After the Sistine Chapel, we visited St. Peter’s Basilica. This building was designed in part by Michelangelo, Bernini and Bramante, and is one of the most intricate Renaissance buildings ever built. When we visited, the Holy Door, which is only opened on very special religious occasions such as Jubilee Years, was open. Entering the church through this door has historically represented crossing the threshold into the presence of God, and the forgiveness of the pilgrim’s sins. We entered the Basilica through this door, and were immediately struck by the interior of the church. The ceiling, walls, and floor were decorated with gilded designs, angels, and great statues lined the aisles within the building. The canopy over the alter was designed by Bernini, and is a massive wooden sculpture lying directly beneath a dome lit by windows. To give you a sense of the scale, the letters around the top of the walls are 2 meters high- 6.6 feet – but they look small in all photos. This is a place where the atmosphere sort of speaks for itself. Although it was full of tourists and people who had traveled great distances to see this holy site, it was nearly silent. There was an area where visitors could pray privately, but the majority of the church was open to pictures and exploration. This is also the site of Michelangelo’s Pieta statue. The statue depicts Jesus lying in Mary’s lap following the crucifixion. It is the only artwork that Michelangelo ever signed. It was an incredibly moving site, and well worth visiting.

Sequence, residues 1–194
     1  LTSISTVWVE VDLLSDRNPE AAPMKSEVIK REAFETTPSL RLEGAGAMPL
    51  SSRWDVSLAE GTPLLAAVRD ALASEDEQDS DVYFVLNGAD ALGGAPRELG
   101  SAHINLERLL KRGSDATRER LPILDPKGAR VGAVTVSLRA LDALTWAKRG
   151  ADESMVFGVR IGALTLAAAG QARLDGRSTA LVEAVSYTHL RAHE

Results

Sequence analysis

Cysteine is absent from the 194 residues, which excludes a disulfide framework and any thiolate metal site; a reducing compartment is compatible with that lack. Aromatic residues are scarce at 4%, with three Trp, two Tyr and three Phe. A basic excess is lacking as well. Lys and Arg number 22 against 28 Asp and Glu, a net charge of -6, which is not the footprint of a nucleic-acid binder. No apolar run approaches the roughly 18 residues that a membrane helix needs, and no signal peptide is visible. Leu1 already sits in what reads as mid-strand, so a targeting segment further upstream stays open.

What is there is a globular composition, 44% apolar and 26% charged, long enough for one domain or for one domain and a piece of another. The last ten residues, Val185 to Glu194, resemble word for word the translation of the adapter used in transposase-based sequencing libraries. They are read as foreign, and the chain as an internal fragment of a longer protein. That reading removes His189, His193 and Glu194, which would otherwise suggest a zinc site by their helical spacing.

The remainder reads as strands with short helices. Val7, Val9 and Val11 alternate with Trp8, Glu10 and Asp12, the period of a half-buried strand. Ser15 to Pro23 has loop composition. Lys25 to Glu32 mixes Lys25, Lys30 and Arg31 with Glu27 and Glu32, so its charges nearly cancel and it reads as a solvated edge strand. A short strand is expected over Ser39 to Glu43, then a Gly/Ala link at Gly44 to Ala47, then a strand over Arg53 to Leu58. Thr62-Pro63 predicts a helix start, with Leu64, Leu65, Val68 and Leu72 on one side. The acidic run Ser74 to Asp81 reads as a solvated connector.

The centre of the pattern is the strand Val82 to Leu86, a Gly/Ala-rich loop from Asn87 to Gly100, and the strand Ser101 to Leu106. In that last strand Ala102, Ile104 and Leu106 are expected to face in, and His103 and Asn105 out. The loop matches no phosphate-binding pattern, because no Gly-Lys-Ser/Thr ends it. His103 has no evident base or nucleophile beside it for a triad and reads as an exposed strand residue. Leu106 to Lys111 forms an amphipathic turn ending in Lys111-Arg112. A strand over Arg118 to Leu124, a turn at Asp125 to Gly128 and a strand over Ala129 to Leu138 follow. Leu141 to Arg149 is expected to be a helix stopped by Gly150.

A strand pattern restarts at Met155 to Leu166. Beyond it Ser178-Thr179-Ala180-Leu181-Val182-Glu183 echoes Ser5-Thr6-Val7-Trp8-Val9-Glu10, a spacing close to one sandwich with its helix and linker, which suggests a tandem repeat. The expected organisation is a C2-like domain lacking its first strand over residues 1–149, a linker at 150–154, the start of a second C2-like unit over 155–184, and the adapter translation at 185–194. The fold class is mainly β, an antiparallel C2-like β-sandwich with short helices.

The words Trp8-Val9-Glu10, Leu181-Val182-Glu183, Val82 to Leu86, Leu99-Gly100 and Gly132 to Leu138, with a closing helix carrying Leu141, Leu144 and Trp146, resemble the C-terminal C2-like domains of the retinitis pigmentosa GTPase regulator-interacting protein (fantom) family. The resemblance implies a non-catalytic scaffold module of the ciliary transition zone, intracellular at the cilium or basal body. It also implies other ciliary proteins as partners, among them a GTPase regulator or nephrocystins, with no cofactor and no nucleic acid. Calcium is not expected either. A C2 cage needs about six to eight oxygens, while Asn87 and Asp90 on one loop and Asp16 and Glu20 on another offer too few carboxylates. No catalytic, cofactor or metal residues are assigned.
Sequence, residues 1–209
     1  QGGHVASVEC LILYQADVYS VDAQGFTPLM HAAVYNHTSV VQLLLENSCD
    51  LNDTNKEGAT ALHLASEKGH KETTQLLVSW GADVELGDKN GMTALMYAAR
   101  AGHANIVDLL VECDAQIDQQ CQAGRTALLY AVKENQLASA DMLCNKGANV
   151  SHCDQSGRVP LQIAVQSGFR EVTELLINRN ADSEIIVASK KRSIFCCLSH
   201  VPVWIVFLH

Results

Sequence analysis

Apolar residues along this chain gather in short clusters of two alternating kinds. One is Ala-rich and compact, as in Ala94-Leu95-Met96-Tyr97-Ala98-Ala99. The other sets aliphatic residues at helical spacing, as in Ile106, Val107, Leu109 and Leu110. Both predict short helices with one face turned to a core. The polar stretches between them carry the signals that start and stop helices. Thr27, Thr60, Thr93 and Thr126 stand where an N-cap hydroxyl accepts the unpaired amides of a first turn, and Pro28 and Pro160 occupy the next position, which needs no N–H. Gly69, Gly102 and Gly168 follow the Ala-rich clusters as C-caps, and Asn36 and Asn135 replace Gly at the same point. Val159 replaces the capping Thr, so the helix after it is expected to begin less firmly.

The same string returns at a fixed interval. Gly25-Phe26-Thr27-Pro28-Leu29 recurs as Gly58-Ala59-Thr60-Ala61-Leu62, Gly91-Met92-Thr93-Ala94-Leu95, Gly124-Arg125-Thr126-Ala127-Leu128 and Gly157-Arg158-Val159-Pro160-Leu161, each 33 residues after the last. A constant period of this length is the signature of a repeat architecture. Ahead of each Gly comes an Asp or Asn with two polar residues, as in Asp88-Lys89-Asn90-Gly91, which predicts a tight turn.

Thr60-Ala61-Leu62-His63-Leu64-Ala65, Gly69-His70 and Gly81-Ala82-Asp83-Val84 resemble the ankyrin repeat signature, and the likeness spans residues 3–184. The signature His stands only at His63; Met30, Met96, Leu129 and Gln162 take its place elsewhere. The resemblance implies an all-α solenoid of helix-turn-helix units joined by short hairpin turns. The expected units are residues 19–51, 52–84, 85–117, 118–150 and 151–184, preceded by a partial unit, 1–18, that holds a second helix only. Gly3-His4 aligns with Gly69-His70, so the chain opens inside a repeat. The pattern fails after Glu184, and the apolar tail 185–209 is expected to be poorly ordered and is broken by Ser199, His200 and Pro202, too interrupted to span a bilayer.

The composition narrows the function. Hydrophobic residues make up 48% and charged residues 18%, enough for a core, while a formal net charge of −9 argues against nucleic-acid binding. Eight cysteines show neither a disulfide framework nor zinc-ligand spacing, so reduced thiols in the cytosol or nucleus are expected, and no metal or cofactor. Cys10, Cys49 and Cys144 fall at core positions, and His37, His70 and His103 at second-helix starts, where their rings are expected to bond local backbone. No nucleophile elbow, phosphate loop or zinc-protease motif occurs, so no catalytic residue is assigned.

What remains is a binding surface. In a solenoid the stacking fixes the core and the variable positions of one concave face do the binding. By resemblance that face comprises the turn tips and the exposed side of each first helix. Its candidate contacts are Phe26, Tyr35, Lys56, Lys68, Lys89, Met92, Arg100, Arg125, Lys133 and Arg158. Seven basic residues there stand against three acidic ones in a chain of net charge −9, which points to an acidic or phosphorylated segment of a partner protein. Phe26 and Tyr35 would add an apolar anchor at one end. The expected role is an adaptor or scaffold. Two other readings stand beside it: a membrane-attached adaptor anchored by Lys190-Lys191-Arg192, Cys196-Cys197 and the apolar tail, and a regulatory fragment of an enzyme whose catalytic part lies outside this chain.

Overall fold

A terrible picture of the PietaIMG_4716
Those letters up top are 6 feet tall… this place is enormousIMG_4713Trying to get the full size of St. Peters- vertical panorama doesn’t do it justice